Assad regime jets bombed a rebel-held district of Homs city killing several people. two days after a similar incident in Idlib, in a clear breach of the truce and escalation before the upcoming peace talks in Geneva.
At least eight people killed in airstrikes on the rebel-held al-Waer neighborhood of Homs, the Syrian Observatory for Human Rights said, in a clear breach of the truce agreement.
The truce was agreed on 22 December 2015, and reassured in the peace talks meeting in Astana when Russia, Turkey and Iran said they will be guarantees of it to prepare a suitable environment for a political solution.
However, the repeated breaches in Homs and Idlib give a direct indication about Assad regime’s disrespect for these agreements.
The Syrian Civil Defence, a rescue service operating in rebel-held territory, did not give a figure, but said on its Facebook page that its centre in al-Waer was hit, wounding a staff member, and that there were fatalities elsewhere including women and children.
“Yesterday it suddenly escalated,” he told Reuters news agency.
A military media unit run by Assad’s Lebanese ally, Hezbollah, said the army had fired rockets and that planes had carried out three strikes against rebels in al-Waer, who it said had violated a shaky ceasefire across parts of western Syria.
Al-Waer has for months been spared the intense bombardment by Syrian and Russian air forces, but the resumption of it may be an indication to the regime’s dedication to end the district’s issue.
Assad regime has tried to conclude a deal in al-Waer that would see rebel fighters and their families evacuate the district and the regime take over. Under similar local agreements in other parts of western Syria, rebels have left with light weapons and headed mostly for Idlib.
Assad said on Wednesday that local reconciliation agreements were the “most effective way to end the war and move towards a political solution,” state news agency SANA reported.
In September some 120 rebel fighters and their families left al-Waer in agreement with the regime, but there have been no further reports of insurgents leaving the area. The Observatory estimates several thousand rebels remain in the district.
The opposition says such agreements are part of the regime’s strategy “surrender or die” aiming at forcibly displacing populations from opposition-held areas after years of siege and bombardment, and gathering them in one place, preparing for a final blow against the rebels and the revolution.
Airstrikes on Idlib
The Syrian Observatory for Human Rights said on Tuesday that at least 26 people were killed and casualties were expected to rise as rescue workers searched for bodies under the rubble.
“Ten civilians, mostly women, are among the dead,” Rami Abdel Rahman, head of the monitoring group told AFP news agency.
The strikes also wounded scores of people and levelled several multi-storey buildings in residential areas of the northwestern city, according to witnesses, who told Reuters news agency that the extent of the damage and the debris bore the hallmarks of a Russian attack.
The Civil Defence, a volunteer rescue group operating in rebel-held areas, gave a different death toll, saying 15 bodies were pulled from the rubble and that 30 wounded people were taken for treatment.
Video footage by activists on social media showed civilians, including young children, being treated in a main city hospital where the injured had been taken for treatment.
Russian planes have targeted a number of towns and villages in the area since entering the Syrian conflict in September 2015 to back ally President Bashar al-Assad.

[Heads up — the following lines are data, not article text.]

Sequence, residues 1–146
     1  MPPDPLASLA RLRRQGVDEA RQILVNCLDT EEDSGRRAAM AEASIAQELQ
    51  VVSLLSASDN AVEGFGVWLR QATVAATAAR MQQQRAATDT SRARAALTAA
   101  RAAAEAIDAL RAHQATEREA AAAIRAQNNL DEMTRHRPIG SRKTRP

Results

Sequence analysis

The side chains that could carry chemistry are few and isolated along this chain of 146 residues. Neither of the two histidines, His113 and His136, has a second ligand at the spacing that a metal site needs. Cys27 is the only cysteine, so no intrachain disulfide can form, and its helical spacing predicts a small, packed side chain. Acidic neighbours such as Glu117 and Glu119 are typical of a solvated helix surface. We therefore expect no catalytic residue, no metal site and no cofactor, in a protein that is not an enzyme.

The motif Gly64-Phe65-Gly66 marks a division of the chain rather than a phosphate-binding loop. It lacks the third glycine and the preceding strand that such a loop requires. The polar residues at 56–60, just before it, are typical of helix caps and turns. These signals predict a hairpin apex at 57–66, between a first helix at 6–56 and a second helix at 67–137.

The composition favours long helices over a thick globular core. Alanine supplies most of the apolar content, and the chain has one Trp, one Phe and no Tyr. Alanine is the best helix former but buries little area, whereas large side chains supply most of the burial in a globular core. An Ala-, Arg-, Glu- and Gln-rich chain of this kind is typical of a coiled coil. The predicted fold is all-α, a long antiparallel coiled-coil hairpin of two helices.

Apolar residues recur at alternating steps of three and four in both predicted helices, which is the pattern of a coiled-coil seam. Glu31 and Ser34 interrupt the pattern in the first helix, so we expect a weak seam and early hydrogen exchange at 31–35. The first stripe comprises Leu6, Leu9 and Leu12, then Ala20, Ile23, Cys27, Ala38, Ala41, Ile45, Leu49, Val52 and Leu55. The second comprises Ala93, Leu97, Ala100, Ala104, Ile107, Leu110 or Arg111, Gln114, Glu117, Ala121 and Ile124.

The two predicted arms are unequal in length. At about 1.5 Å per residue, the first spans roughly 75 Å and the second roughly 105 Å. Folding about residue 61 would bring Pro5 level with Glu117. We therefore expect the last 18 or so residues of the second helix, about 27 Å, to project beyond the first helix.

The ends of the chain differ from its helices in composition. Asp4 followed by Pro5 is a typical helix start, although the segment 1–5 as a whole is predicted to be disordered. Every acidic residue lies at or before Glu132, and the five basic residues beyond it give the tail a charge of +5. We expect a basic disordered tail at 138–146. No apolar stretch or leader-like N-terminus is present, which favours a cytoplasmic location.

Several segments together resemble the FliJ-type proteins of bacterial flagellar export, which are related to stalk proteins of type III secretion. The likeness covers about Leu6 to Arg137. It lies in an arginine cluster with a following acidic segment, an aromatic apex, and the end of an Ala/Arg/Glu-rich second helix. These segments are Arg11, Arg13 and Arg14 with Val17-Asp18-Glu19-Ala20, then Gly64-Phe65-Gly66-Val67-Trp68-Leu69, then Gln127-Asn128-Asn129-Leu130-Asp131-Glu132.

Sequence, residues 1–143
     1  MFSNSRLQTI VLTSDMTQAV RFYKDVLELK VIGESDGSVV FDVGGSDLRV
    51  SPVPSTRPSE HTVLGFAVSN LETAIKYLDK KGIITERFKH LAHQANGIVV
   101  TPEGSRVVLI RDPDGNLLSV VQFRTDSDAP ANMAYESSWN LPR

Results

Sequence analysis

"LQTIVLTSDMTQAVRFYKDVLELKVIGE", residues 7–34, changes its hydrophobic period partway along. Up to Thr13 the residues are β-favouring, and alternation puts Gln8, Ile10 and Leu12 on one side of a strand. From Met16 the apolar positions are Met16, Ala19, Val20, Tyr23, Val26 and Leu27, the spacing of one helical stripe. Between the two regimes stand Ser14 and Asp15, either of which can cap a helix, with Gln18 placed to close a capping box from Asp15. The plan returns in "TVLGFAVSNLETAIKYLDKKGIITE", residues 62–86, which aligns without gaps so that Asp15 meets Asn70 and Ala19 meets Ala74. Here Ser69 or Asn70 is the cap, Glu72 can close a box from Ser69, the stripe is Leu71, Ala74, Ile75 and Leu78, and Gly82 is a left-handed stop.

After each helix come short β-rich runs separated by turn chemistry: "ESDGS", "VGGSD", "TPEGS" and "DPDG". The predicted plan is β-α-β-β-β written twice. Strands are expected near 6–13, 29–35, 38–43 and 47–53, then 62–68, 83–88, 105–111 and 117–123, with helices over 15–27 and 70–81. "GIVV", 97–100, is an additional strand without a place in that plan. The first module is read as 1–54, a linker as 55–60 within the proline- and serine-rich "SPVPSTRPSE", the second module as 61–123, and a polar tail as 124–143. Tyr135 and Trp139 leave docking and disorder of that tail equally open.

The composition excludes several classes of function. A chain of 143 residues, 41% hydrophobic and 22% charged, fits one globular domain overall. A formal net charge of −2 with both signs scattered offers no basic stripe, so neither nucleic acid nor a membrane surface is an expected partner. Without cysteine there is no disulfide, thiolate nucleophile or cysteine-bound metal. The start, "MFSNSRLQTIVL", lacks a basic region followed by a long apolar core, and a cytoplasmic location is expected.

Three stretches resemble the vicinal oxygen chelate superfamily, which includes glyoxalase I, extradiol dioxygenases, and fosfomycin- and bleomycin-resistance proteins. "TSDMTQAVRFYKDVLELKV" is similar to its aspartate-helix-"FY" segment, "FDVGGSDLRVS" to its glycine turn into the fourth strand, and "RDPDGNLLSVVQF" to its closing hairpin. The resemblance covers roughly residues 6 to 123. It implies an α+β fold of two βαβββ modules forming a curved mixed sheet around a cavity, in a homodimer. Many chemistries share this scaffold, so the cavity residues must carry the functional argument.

Most recently, At least 73 people have been killed in suspected Russian air strikes on several areas of Idlib province in December marking the highest death toll in long months of massacres.
Idlib, the next aim
By the summer of 2015, President Assad seemed on the verge of being overthrown. Then Russia launched its military intervention – all the while paying lip service to a diplomatic process the US administration pursued to no avail.
The Russian intervention tilted the war in favor of Assad regime and cost the rebels many of their strongholds, making Idlib among the last important pressure point on Assad regime to accept a political solution to end the war.
The Assad regime forces, backed by Russian air power, Iranian ground forces and Shi’ite militia fighters from Iran, Iraq, and Lebanon, has been tightening its grip on rebel-held districts of Aleppo and Idlib since the start of this year, and were able in the end to retrieve Aleppo after months of fighting.
More than 40.000 civilians were displaced from Aleppo and sent to Idlib province.
After Aleppo, Idlib will be the next aim, and Assad regime has already started to prepare for the battle with daily bombing and massacres since months. The number of deaths rose sharply in October.
Idlib province is witnessing massacres and random killing by regime and Russian warplanes and Helicopters using missiles, barrel bombs and heavy machine guns, the heavy bombardment started in the 20th of October leading to massive raise in the dead numbers, according to the observatory.
SOHR documented the death of 288 civilians including 93 children and 55 women in the period between 22nd of October until today, by aerial bombardment by Russian and Syrian warplanes, while 1000 others were wounded and seriously wounded or permanently wounded, in addition to massive material damages.
In November, Defence Minister Sergei Shoigu said Russian forces had begun a “major operation” targeting Idlib and Homs provinces.
According to analysts, the regime is trying to gather the rebels in Idlib, making it easy to fight them all fiercely in one place under the term of fighting terrorism. The fierce campaign may take long, but analysts say it will succeed eventually as happened in Aleppo if the global powers didn’t take any real steps to stop it.